[whatwg] <a href="" ping="">

Charles Iliya Krempeaux supercanadian at gmail.com
Fri Oct 21 12:38:16 PDT 2005


(Just thought I'd comment on this since I work in this industry.)

For #2, I can tell you that advertising software will NOT use this
unless they absolutely know it works.  There'd need to be some way of
detecting browsers that it works on.  Without having to resort to
browser detecting.  Need to do "feature detecting".  (I.e., don't want
to have to check for specific versions of specific browsers.  But want
to check to see what "features" whatever browser they are on has.)

For alot in the advertising industry, clicks are their "bread and
butter".  It's where the money comes from.  They MUST be able to
"record" a click.

Also, it is often necessay to "ping" more than one URI.  So you might
want to make a system where you can list more than one URI.  (Although
I guess you could just have one "ping" URI and do redirect tricks with

Back to "feature detecting" though.  Maybe if we had a kind of
loopback "ping" that would work.  (If that makes sense.)  That way a
document could initiate a "ping" to somewhere it would be able to

See ya

On 10/21/05, Ian Hickson <ian at hixie.ch> wrote:
> One of the patterns I've seen a lot while looking at big sites is this:
>    <a href="record?url=http%3A%2F%2Ffoo.example.com/"> Foo </a>
> ...where "redirect" is a CGI script that records that the user followed
> the link, and that then redirects the user to the real page (potentially
> setting a cookie in the process).
> This is used for four main reasons:
>  1. Improving sites, by getting data regarding how users use the site.
>  2. Keeping track of which adverts were clicked on, for book-keeping.
>  3. Improving services, e.g. by offering a number of options, checking
>     which the user picked, and making that one be the first on the list
>     the next time the user uses the service.
>  4. Uniquely identifying and tracking a user for evil purposes.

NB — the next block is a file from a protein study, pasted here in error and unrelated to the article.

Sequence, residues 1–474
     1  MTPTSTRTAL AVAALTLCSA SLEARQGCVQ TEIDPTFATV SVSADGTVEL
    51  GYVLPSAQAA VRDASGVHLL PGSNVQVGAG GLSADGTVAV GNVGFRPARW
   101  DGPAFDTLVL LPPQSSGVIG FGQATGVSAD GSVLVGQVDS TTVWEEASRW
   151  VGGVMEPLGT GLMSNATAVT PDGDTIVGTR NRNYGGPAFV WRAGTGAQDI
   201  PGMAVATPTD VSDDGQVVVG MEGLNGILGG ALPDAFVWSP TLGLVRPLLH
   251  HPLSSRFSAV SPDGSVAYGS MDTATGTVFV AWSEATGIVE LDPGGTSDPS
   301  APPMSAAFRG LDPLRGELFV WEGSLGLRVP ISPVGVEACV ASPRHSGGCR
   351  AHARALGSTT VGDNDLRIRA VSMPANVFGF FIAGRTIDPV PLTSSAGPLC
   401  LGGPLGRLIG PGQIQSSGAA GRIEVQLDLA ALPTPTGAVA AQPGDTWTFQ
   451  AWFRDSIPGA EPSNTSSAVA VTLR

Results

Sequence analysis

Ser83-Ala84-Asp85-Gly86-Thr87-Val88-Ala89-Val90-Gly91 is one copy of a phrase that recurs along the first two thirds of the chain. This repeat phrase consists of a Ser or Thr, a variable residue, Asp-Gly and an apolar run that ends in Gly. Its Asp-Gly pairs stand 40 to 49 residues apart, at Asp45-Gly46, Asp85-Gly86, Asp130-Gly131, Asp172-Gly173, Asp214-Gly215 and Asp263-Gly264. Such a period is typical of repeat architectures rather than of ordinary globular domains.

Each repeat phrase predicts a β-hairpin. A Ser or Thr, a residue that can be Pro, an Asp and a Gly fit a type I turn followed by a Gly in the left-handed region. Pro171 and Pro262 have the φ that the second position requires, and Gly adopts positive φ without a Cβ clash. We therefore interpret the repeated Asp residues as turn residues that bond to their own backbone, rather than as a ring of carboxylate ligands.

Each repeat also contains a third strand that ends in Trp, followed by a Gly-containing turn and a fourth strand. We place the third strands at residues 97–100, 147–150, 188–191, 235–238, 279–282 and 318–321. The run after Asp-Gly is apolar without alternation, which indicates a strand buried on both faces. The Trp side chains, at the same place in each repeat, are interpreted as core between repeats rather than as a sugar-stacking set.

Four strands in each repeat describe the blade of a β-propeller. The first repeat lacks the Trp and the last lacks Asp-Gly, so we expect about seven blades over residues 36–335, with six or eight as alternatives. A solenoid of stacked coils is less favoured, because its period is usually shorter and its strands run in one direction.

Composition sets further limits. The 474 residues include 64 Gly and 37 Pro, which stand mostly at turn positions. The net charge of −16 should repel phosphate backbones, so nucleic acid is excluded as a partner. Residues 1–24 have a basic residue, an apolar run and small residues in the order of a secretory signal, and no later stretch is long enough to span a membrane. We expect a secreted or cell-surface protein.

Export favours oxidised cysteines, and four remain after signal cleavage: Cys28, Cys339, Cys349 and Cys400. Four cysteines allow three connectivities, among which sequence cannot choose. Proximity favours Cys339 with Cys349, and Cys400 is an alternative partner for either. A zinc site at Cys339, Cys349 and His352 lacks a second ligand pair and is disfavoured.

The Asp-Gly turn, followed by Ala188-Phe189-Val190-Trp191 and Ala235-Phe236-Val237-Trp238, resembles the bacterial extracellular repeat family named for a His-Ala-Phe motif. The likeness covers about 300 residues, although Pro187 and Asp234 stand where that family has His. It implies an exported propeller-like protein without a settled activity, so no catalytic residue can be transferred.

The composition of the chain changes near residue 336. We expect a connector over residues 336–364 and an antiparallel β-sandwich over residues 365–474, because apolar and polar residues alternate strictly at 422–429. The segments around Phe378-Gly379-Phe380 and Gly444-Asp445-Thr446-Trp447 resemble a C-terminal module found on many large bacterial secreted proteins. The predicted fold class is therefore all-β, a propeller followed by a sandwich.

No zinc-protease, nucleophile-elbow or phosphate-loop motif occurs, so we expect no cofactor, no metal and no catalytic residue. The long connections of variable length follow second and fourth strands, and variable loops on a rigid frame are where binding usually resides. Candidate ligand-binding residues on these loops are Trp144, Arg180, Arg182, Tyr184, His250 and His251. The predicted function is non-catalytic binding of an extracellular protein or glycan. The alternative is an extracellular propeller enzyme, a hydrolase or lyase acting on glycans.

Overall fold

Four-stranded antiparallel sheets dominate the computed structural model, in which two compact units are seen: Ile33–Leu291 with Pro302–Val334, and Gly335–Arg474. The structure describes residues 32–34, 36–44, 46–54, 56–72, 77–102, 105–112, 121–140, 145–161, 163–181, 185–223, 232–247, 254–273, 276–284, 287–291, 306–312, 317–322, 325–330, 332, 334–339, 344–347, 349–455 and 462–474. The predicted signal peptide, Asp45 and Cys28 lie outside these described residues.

> Sometimes more than one of the above is done, e.g. clicking on adverts
> sometimes informs the publisher and the advertiser before moving the user
> to the real destination.
> The problem at the moment is that the redirect mechanism obscures the
> eventual target URI. It would be good to have the target URI separate
> from the tracking URIs, so that the UA can show each of them separately in
> the UI, indicating the user who is getting told what.
> Doing this would also allow the UA to easily turn off the pinging thing
> for users who are worried about point 4 above.
> Bearing the above in mind, I've added a section to the <a> element that
> describes a ping="" attribute. The URIs given in this attribute would be
> followed when the user clicks the link, thus getting around the problems
> listed above.
> Now, because of number 4 above, I'm guessing this is going to be
> controversial, which is why I'm calling this out explicitly (as opposed to
> waiting til I've filled in all the TBW sections and then just asking for a
> general review, since people might miss it if I did that).
> Thoughts? Is it evil?
>    http://whatwg.org/specs/web-apps/current-work/#ping
> --
> Ian Hickson               U+1047E                )\._.,--....,'``.    fL
> http://ln.hixie.ch/       U+263A                /,   _.. \   _\  ;`._ ,.
> Things that are impossible just take longer.   `._.-(,_..'--(,_..'`-.;.'

     Charles Iliya Krempeaux, B.Sc.

     charles @ reptile.ca
     supercanadian @ gmail.com

     developer weblog: http://ChangeLog.ca/
 Never forget where you came from

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